BUYING a new car is a pretty exciting experience, but budgeting for one is not.
For most, it will involve some sort of finance deal, where an initial deposit is paid, followed by monthly installments over the next two to four years. At the end of the arranged period, you have the option to buy the car or move on, most likely to another finance deal.
You’re probably familiar with your credit score from other areas of your personal finance, but what sort of impact does it have on buying a car?
When it comes to applying for finance, you need to be careful with credit checks.
Like many other areas of personal finance, you’ll need to apply to a lender for an agreement on a car. This will involve the car dealership running a check of your credit history. What’s important is that you don’t engage in too many of these ‘hard’ inquiries, as a lot of them will put a dent in your credit score, making it more difficult for you to apply again.
Eligibility checks, or ‘soft’ inquiries, have no effect on your score, thus are fine to do as much as you please. If, however, you haven’t yet landed on a particular vehicle, be careful as to how you go about checking your eligibility on multiple options.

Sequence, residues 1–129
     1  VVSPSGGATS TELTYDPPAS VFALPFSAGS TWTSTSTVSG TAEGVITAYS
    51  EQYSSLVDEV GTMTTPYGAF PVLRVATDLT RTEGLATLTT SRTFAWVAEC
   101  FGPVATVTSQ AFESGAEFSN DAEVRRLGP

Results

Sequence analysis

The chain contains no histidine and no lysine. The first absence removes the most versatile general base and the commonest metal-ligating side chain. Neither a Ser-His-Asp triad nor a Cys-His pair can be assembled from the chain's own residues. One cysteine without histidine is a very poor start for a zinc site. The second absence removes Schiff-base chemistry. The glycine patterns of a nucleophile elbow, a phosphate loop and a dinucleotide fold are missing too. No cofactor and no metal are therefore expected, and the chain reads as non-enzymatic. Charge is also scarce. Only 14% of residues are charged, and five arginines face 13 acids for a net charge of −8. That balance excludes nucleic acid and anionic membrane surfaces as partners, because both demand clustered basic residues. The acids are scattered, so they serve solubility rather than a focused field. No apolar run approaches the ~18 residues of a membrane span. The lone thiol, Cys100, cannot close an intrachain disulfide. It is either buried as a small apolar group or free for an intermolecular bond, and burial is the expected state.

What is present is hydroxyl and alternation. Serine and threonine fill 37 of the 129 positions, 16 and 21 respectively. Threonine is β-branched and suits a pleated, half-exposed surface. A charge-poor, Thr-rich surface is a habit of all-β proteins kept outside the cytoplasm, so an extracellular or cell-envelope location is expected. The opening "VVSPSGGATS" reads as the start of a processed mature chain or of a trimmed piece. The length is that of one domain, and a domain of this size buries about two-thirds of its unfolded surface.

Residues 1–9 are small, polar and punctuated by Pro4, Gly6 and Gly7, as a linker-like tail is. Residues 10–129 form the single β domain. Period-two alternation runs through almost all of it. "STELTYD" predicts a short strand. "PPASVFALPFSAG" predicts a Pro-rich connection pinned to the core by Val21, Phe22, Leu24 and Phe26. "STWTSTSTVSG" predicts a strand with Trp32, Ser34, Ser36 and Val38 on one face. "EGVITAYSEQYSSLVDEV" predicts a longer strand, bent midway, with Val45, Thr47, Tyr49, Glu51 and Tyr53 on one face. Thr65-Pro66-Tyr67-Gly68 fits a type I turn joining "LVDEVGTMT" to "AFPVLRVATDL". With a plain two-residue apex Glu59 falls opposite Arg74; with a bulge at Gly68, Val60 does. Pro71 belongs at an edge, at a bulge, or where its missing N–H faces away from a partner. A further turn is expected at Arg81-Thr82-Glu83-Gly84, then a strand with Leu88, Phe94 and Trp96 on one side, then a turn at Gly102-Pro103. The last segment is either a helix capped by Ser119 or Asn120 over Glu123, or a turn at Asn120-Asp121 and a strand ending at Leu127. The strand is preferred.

Different lenders require different criteria to access their best deals, so your credit score will affect what finance plans you can access. Better finance plans may include a smaller upfront deposit, lower monthly payments or lower overall interest, and vice versa for the poorer credit options.
If you go into a car purchase with a very good or perfect credit score, you should expect to get the best deals. Likewise, if you’re entering a negotiation with a poorer score, you need to manage your expectations, or perhaps hold off whilst you rebuild your rating.
A car finance deal is a long-term commitment that comes at a significant cost to you, so it’s important you seek out the best possible deal. If your credit score isn’t allowing you to do that, looking to build a better score before purchasing is a decent idea, if you can afford the time.
Unfortunately, there’s no quick-fix or miracle solution to raising your credit score, it’s a lengthy process that requires you to get your personal finances in order.
Start by getting some credit reports from trusted providers and looking at their recommendations. If you have debts lingering, look at the best ways to pay them off or redistribute them to best appease your credit record. Perhaps consider taking out a credit building credit card to help repair your score.
Once you have your accounts in order and paid on time, plus a few more points on your score, it’s time to return to the forecourt. You may have had to wait longer to get your car, but you can now enjoy the cost and practicality benefits of being a more credible borrower.
In a world where everyone is trying to stay on top of their finances, understanding how credit and car buying works is just another point to consider. In the end, it’s really not too different from other key finance areas. Approach with care, consider all your options and don’t rush into a purchase and you should be just fine.